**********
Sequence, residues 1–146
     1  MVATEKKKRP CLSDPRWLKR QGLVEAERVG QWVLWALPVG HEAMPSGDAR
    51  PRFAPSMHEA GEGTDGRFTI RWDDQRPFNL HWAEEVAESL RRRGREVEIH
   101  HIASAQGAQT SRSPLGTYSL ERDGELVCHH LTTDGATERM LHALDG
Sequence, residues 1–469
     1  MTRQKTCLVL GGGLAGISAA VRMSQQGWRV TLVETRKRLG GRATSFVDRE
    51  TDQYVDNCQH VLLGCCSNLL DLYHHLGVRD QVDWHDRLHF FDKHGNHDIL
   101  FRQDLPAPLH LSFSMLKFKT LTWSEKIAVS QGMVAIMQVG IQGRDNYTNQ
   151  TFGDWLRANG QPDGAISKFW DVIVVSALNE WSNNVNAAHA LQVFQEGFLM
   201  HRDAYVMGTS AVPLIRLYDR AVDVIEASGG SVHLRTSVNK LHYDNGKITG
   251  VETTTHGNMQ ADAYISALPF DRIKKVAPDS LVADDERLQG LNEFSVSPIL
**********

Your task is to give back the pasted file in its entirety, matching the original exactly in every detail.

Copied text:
Sequence, residues 1–146
     1  MVATEKKKRP CLSDPRWLKR QGLVEAERVG QWVLWALPVG HEAMPSGDAR
    51  PRFAPSMHEA GEGTDGRFTI RWDDQRPFNL HWAEEVAESL RRRGREVEIH
   101  HIASAQGAQT SRSPLGTYSL ERDGELVCHH LTTDGATERM LHALDG
Sequence, residues 1–469
     1  MTRQKTCLVL GGGLAGISAA VRMSQQGWRV TLVETRKRLG GRATSFVDRE
    51  TDQYVDNCQH VLLGCCSNLL DLYHHLGVRD QVDWHDRLHF FDKHGNHDIL
   101  FRQDLPAPLH LSFSMLKFKT LTWSEKIAVS QGMVAIMQVG IQGRDNYTNQ
   151  TFGDWLRANG QPDGAISKFW DVIVVSALNE WSNNVNAAHA LQVFQEGFLM
   201  HRDAYVMGTS AVPLIRLYDR AVDVIEASGG SVHLRTSVNK LHYDNGKITG
   251  VETTTHGNMQ ADAYISALPF DRIKKVAPDS LVADDERLQG LNEFSVSPIL